You know all those rumours of a looming housing market crash in Canada? Well, according to the Canadian Real Estate Association (CREA), they’re still just rumours. Houses across the country continue to sell at a torrid clip, with the average price of a home in Canada now topping $430,000. The organization did, however, lower projections for the Prairie provinces as a result of slumping oil prices.
B.C. and Toronto Continue to Lead the Way
Supply and demand are the two basics of economics behind housing prices and in Ontario and British Columbia, the latter continues to outstrip the former. The Bank of Canada’s surprise quarter-point rate drop in January – with the banks eventually following suit – should combine with ongoing demand to see housing prices in the two regions continue to climb faster than inflation. Year-over-year, prices in Toronto were up 7.84 per cent while in Vancouver they rose 6.38 per cent.
Prairies in For Demand Downfall
It should come as no surprise that the dramatic drop in oil prices – and the resulting slowdown in Alberta’s oil sands projects – has had an impact on the local housing markets. “A number of buyers across the Prairies stayed on the sidelines in February,” said CREA president Beth Crosbie in a press release.
On March 16, BuildForce Canada, a national construction industry association, issued a report on the impacts of dropping oil prices on construction in Alberta. They project a three-year decline in construction, including new housing starts.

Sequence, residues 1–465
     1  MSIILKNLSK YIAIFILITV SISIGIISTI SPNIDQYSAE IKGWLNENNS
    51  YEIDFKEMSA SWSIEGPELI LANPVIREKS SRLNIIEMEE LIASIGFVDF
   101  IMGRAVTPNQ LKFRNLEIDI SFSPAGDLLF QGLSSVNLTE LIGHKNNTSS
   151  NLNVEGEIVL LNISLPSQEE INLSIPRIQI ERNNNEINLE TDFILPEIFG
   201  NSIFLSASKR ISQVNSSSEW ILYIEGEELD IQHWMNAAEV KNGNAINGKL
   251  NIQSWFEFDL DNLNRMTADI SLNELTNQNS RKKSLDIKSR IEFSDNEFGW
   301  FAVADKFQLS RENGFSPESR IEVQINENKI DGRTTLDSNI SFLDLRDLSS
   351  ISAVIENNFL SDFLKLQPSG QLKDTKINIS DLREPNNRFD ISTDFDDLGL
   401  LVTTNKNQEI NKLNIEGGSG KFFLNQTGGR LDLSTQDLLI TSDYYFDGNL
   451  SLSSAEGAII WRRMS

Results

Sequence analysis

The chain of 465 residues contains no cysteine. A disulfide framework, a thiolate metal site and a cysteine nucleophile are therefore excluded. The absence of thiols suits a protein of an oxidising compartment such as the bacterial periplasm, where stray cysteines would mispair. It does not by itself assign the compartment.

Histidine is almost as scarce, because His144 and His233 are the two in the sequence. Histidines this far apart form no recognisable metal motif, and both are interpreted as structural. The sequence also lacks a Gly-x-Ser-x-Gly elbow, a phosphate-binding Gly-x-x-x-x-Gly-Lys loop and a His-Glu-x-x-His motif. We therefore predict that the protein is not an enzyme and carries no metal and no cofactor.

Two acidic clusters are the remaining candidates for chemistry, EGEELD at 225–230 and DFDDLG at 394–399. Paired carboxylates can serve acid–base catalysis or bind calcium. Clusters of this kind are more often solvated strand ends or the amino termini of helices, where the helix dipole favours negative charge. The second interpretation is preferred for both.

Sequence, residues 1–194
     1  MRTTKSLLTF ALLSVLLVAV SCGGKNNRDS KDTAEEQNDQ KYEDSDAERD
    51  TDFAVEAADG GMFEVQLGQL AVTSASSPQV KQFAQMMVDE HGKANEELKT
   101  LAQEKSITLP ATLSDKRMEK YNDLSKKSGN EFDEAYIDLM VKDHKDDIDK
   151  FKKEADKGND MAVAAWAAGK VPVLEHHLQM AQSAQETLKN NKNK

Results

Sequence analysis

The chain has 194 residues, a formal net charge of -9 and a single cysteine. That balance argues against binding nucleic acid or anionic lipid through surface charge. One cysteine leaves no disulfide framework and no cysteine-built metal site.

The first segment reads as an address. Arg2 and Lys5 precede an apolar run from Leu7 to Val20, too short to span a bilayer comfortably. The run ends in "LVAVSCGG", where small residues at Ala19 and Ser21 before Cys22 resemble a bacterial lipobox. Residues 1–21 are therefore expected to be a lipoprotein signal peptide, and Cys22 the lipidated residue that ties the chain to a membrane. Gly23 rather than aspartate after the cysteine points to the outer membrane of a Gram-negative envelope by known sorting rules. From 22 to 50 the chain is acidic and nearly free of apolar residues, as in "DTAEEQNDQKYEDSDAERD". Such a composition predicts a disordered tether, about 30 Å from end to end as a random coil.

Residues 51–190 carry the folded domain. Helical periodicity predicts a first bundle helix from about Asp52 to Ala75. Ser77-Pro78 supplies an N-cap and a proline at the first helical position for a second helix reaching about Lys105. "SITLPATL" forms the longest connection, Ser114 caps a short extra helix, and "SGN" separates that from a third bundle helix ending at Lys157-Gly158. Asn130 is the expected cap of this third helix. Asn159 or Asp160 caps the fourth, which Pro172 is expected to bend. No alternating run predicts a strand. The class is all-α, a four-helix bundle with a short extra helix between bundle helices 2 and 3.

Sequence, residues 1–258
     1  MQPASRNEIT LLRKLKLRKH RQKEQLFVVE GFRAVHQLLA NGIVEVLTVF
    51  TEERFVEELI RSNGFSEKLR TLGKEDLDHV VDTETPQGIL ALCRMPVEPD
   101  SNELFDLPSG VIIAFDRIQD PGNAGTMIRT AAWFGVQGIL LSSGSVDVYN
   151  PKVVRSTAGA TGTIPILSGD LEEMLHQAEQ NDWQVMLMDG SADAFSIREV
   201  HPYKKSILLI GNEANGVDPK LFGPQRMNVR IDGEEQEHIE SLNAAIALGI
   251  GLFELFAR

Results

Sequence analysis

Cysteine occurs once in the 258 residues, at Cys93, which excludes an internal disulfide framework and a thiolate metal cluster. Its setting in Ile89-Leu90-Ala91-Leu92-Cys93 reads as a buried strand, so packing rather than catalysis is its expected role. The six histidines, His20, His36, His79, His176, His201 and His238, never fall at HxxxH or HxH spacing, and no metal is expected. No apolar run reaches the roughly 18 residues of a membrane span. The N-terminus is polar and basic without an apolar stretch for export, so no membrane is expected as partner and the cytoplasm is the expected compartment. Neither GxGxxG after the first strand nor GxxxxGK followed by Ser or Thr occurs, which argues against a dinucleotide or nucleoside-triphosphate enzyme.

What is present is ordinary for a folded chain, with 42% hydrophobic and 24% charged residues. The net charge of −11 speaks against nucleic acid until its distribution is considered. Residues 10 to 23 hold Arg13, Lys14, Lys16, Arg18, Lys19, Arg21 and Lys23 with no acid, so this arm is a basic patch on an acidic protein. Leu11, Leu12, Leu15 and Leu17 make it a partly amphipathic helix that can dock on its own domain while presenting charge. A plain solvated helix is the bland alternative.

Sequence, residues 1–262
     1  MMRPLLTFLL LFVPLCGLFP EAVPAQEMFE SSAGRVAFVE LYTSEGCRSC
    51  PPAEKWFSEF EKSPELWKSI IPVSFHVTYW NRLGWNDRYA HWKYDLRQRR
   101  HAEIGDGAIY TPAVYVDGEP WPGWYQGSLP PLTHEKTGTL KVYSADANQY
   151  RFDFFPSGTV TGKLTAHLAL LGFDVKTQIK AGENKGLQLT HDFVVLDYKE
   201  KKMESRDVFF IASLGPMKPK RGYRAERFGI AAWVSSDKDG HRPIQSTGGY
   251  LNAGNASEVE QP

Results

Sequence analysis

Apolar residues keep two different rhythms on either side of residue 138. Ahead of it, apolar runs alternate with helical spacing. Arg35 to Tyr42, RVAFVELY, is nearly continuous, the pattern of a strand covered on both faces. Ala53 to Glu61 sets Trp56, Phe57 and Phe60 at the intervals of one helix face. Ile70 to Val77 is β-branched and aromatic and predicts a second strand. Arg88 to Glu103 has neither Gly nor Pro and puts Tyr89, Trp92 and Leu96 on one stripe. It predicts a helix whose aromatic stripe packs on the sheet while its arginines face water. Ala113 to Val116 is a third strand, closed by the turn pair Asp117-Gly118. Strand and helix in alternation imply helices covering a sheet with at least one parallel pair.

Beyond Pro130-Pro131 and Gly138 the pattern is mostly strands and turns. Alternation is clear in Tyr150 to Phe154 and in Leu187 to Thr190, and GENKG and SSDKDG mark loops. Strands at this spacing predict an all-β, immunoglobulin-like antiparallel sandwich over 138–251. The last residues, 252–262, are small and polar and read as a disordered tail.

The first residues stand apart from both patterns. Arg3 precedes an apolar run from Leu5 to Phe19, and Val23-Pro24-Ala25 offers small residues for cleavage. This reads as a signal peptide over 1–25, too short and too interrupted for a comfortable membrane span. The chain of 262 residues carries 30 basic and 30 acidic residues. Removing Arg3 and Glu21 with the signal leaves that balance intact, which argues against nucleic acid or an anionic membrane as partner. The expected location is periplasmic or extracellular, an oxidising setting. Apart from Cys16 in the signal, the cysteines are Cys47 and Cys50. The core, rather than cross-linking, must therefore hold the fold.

“While it’s early to pinpoint when that will happen, our forecast projects a near-term recovery, with jobs in engineering construction rising gradually from 2018 to 2024, as oil prices come back up,” says Rosemary Sparks, the executive director of BuildForce Canada.
Still, it’s not all bad news for Calgary homeowners. Year over year, their homes had climbed in value by 5.96 per cent. Of course, the bulk of that occurred before oil prices dropped.
The Numbers Game
Other key stats from the CREA’s latest report:
•National home sales edged up 1 per cent from January to February.
•The number of newly listed homes fell 2.5 per cent from January to February.
•The national average sale price rose 6.3 per cent on a year-over-year basis in February.
•If you remove Toronto and Vancouver from the figures, the average drops to $326,910 and the year-over-year gain shrinks to 1.5 per cent.
•Sales in Quebec and Atlantic Canada are expected to be relatively stable.
•Total nationwide home sales are projected to be 475,700 in 2015, a 1.1 per cent drop from 2014.